Ever wonder what Harry Potter would have been like if he had joined Slytherin, but retained his likability? Director Alexandre Aja (PIRANHA 3D) answers those questions with HORNS: a tale of love, murder, spirituality, multiple depravities and many many snake familiars hanging around!
HORNS (based off of the 2010 Joe Hill novel) is the story of Ignatius “Ig” Perrish (Daniel Radcliffe), a young man accused of raping and killing his girlfriend Merrin Williams (Juno Temple). Save for a few friends and his family, the entire town vilifies him and demands vengeance. Things only get more complicated for Ig when he wakes up one morning from a drunken stupor to find a pair of horns protruding from his head. They appear to grant him the ability to coax the deepest darkest sins and secrets out of anyone within close proximity to him as well as force them to obey whatever commands he gives them. The horns continue to grow, snakes begin to follow him wherever he goes and Ig begins to use his new gifts in order to get Merrin’s true killer to confess. Along the way, he willingly/unwillingly uncovers harsh truths surrounding the people closest to him…including Merrin herself.
All in all, HORNS is a fairly solid premise for a supernatural mystery-thriller. The set up with Merrin’s murder propels the plot along well enough. You are genuinely intrigued in discovering what exactly took place between Ig and his girlfriend as circumstances appear to not only incriminate him more, but further investigation from him reveals multiple red herrings in the form of his childhood friends and even his older brother Terry (Joe Anderson). The problem is that when the real killer finally stands revealed…there is still about a half-hour or so of movie left. The mystery is cut off at the legs prematurely and the remainder of the film feels more like it is winding down instead of building to a satisfying conclusion. Granted, there are a few revelations left for the ending, but honestly if you have been paying attention to details and dialogue, they don’t come as a shock.
Also, for a story about an ordinary man literally turning into a devil, the spiritual and religious themes feel like almost an afterthought. Sure, Ig is using the powers of Hell to do some good, but it is never fully explained as to why the powers chose him to begin with…aside from an earlier scene where, in a drunken rage, he pisses on Merrin’s memorial in the woods. I guess the Powers That Be are suckers for sad sacks that aren’t housebroken. And again, the conclusion appears to sweep any subtle conversations about religious themes or human morality under the rug in favor of full-on transubstantiation straight out of DOGMA that kind of left me scratching my head. Then again, the main character is slowly turning into a DIABLO character, so perhaps subtlety isn’t called for this time.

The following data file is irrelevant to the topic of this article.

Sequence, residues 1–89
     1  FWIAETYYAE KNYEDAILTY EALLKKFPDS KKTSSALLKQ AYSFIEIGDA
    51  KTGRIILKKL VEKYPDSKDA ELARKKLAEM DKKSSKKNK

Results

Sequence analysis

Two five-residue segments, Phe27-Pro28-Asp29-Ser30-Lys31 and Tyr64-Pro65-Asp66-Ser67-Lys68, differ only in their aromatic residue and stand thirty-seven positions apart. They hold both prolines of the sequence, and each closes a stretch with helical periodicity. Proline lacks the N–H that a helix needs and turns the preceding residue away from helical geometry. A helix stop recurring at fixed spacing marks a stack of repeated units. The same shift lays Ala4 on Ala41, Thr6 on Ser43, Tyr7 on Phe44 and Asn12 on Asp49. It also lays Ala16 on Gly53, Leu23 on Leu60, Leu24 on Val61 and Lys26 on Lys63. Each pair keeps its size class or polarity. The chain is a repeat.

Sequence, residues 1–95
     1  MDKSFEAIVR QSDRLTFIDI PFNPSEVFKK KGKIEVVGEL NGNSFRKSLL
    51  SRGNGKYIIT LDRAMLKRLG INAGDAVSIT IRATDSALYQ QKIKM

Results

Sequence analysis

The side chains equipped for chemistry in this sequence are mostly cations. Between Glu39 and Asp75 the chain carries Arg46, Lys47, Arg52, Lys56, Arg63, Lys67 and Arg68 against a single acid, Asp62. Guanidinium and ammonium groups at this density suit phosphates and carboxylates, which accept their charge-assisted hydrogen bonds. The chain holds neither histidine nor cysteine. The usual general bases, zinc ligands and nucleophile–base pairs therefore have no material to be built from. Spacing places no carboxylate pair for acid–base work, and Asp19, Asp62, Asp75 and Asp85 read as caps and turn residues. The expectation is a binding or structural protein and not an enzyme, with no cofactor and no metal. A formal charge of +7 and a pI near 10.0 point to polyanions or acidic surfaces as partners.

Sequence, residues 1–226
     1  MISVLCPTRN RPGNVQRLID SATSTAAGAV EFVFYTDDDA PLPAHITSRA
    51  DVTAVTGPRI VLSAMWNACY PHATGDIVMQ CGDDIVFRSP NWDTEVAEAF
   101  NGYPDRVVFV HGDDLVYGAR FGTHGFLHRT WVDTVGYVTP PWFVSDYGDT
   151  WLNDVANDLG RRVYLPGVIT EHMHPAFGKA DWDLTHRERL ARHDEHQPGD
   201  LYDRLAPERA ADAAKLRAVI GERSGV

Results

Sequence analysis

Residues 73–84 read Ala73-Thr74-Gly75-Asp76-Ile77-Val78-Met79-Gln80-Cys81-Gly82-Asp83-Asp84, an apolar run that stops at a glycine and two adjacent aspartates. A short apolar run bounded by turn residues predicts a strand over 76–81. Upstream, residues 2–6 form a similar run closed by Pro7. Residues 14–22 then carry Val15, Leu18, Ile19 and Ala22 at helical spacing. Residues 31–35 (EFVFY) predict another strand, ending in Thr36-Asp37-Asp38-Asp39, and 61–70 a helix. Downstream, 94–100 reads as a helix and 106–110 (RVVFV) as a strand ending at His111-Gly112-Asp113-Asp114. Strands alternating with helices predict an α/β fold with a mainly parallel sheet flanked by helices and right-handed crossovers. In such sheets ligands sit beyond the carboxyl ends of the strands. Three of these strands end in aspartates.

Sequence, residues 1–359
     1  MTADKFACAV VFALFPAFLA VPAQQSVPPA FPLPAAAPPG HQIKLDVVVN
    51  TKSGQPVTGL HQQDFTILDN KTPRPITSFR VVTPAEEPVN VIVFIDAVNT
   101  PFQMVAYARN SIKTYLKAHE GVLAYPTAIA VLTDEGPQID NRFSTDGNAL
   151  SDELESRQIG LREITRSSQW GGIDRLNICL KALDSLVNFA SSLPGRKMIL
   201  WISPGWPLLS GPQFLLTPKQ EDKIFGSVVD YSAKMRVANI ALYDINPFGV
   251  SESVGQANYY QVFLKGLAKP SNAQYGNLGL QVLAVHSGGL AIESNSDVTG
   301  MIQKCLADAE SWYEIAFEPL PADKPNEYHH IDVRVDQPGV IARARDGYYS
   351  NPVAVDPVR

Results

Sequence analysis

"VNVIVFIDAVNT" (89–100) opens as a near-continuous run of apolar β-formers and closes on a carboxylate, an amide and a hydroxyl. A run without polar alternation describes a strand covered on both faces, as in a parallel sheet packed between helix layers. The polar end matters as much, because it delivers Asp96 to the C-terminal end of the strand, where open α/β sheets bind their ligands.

However, despite a few confusing and long-winded scenes (particularly some needlessly long childhood flashbacks), there is still plenty to like in HORNS. The movie really fires on all cylinders when it features scenes of Ig unintentionally making people confess to some messed up shit as well as making them do whatever he wants. These are moments that are able to be both truly outrageous and, in the case of Ig’s family, somewhat heartbreaking. Also, the action and effects are very good for the most part (with the exception of a pretty crappy CGI effect of Ig being set on fire).
Without a doubt, the strength of the film lies in its performances. I feel Radcliffe has finally been able to break out of the “Potter” mold and take Ig into some very dark and vulnerable places. He plays the character not so much as a sadistic asshole and more like a likable loser down on his luck who is finally tired of taking crap from everyone. Juno Temple (KILLER JOE) makes the beautiful Merrin enigmatic, but also very endearing and sympathetic that you can believe a man would lose his mind and soul over her death. Max Minghella (THE SOCIAL NETWORK) is down to Earth and supportive as Lee, Ig’s best friend and lawyer. Joe Anderson (HERCULES) as Terry Perrish gets a really good scene to trip out on several drugs and provide a very convincing freak out. James Remar (DJANGO UNCHAINED) shows up for a very well-executed confession scene as Ig’s father. Even Heather Graham (THE HANGOVER) get to show her nastier side in a few scenes as a conniving waitress.
HORNS isn’t perfect by any means. The plot can be a little confusing regarding its supernatural/spiritual aspects as well as feeling a little long in the tooth when the ending feels like it should have arrived a half-hour earlier. But I would say it is worth a watch in order to see Daniel Radcliffe turn out some of his best post-Potter work as well as watch this cast indulge in some crazy depravities and compelling performances. It won’t be hell to watch this film…more like a fairly enjoyable limbo.
Final Score: 6.5 out of 10
Watch Mike’s McGTV video log on HORNS below: